Oracle continues to move Java EE into more open-source friendly realms. Who would have believed it?
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- I don't hire anyone to do Java programming if they don't come out of a C language background.
Java was and is doing just fine in the enterprise space. I have replaced lots of interestingly stupid and insecure applications with Java. If Java had security problems, they emerged in the wake of its massive acceptance. And if they weren't fixed effectively, that falls under the rubric of the aforementioned Dog's Dinner and Oracle might have fixed them.
If you don't think a sandbox approach is secure, tell me of any programming language which doesn't have stack overflow issues. Just now, it seems Linux is plagued with Bluetooth security issues.
I'll expect anything you have to say further to tell me which language is both fast and whose stack pointers are entirely safe.
Android Java isn't Java, let's just make that plain. It certainly isn't created with a javac. It doesn't run in a JVM. Those who write to an NDK face all the hurdles of every platform-specific development strategy, with few of its advantages. Deployment is a nightmare.
I am no Java Fanboi. I come from C and assembly languages. I am no technology zealot and I have been at this a very long time. I architect enterprise stuff which processes a million health care claims a day and supports a star topology to 36 franchises and hundreds of thousands of external endpoints. My stuff runs on mainframes in dedicated Java hardware. I don't think IBM and Red Hat have backed Java this far, especially not Red Hat with JBoss SOA / EAP - to say the nails are in the door for Java, just yet.2w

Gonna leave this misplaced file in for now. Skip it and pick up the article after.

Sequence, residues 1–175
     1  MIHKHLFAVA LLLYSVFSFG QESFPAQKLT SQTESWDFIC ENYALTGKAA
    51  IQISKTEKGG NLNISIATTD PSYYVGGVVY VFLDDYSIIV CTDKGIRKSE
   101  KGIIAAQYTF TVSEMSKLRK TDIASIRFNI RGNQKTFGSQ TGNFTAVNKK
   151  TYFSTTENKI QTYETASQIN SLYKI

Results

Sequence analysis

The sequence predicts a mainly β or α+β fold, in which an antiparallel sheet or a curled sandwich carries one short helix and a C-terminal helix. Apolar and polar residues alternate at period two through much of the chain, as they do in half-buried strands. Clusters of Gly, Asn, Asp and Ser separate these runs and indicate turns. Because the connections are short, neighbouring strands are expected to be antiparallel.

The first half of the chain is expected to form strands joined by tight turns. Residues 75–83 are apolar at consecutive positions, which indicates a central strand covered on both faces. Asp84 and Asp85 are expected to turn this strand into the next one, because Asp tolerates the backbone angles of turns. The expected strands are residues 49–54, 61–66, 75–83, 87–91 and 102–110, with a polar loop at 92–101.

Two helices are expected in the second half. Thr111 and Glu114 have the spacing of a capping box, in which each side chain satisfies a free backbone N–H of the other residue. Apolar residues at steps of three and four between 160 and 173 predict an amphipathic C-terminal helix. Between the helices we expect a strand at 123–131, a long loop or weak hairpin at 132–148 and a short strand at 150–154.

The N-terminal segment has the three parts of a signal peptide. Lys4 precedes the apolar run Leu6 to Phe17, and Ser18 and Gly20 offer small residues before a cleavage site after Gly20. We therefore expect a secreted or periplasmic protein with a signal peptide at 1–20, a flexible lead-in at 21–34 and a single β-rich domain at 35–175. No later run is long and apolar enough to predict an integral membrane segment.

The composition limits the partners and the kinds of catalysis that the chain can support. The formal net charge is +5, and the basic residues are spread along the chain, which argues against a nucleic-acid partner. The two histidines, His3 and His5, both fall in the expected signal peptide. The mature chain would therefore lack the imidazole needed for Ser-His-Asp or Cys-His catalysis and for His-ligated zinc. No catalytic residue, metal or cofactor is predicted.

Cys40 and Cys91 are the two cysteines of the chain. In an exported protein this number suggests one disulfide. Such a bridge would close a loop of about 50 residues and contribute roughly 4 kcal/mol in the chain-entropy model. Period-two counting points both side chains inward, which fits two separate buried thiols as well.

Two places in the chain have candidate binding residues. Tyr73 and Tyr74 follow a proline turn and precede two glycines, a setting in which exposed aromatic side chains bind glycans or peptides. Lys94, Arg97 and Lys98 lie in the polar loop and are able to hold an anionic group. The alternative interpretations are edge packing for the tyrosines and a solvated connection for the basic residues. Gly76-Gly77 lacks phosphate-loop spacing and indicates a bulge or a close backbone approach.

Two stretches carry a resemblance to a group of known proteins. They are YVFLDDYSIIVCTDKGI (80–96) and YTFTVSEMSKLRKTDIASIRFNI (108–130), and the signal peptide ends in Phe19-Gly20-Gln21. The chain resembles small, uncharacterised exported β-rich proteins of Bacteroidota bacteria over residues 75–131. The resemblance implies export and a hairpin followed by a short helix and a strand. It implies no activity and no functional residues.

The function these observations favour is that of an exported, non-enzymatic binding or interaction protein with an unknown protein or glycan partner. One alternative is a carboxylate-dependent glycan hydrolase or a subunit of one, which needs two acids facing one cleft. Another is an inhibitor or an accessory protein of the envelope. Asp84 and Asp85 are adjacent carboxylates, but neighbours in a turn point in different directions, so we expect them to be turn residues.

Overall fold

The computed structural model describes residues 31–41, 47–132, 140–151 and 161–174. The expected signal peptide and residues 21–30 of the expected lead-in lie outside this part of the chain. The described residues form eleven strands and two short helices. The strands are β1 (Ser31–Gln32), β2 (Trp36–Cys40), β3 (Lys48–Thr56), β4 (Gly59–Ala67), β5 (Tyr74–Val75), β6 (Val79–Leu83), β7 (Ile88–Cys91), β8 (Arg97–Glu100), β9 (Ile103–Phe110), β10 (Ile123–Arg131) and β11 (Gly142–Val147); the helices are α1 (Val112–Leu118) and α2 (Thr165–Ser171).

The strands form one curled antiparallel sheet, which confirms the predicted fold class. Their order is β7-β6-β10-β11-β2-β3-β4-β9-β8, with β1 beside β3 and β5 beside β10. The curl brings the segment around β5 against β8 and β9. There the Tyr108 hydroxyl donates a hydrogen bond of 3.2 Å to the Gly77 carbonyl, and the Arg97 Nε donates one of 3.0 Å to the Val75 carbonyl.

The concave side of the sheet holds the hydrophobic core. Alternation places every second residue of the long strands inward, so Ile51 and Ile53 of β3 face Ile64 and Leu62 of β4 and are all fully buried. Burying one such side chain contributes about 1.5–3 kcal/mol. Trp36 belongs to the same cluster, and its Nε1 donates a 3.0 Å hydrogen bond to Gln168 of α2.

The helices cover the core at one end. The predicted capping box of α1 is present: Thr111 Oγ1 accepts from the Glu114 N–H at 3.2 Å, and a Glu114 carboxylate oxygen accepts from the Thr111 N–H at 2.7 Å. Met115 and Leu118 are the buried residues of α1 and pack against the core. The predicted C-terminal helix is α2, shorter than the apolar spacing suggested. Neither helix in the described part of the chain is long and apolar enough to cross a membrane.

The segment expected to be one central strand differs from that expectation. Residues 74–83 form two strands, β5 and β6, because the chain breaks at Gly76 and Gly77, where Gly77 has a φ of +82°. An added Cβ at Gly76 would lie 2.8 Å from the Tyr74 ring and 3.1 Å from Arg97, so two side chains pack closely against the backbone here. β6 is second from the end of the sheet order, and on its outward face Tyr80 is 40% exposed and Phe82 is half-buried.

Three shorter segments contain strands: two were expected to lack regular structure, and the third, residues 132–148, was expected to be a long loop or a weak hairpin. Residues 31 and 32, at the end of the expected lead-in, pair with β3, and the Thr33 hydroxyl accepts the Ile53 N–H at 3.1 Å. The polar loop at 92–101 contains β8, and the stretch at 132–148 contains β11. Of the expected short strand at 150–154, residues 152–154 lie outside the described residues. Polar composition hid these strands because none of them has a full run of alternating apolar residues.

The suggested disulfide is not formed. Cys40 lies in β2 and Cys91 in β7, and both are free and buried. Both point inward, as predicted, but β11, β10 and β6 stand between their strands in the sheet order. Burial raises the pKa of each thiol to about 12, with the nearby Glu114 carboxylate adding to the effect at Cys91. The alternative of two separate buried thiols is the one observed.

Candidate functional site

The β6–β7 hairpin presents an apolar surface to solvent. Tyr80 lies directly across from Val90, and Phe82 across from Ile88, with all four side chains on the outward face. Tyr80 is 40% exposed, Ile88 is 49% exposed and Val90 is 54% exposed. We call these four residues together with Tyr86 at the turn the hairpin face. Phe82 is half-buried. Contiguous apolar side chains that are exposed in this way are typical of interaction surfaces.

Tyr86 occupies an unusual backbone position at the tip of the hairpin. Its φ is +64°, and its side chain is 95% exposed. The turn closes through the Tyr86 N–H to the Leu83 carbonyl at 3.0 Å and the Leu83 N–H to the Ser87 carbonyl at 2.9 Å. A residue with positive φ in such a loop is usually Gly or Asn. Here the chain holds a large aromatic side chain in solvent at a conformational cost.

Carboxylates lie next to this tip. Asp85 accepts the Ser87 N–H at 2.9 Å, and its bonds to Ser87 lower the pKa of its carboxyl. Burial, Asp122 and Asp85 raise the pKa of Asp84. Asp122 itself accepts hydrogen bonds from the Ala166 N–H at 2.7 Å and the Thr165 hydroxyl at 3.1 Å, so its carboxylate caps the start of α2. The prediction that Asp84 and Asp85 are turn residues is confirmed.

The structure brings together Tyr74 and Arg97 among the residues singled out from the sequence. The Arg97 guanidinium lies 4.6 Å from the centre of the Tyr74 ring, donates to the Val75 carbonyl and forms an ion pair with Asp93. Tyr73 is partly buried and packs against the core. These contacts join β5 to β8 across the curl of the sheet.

- if you don't think Java has issues with Stack Overflows and other issues traditionally asserted to be C/C++ issues then you have very little real Java experience.2w
- You failed my little test. You didn't mention which language was both fast and had safe stack pointers.
I've been writing C since 1977 at Bell Labs. I started writing Java the first night it was available for download from Sun Micro. I've taught C, C++ and Java. Hurl your cardboard thunderbolts elsewhere.2w
- and yet Java still has those same issues and more...you still use pointers in Java, you just don't know it (which IMHO is worse)2w
- That's really enough out of you. You fail again. Which language has perfectly safe stack pointers? This time, do fire a few neurons and answer the question you were asked.2w
- technically no language - despite many claims to the contrary - has perfectly safe stack pointers b/c there is no such thing. Once you introduce the concept of a pointer you throw safety out the window. You may make it harder to work with the pointer and manipulate it, but you do not create safety.
If you care about correctness, types, etc - then you'd be using Erlang, Ada, or another highly contracted language - but even they can have pointer issues.
No language can fully protect against a bad programmer, and the only secure computer is one that is turned off, disconnected from everything. Everything else is a compromise between different factors.2w
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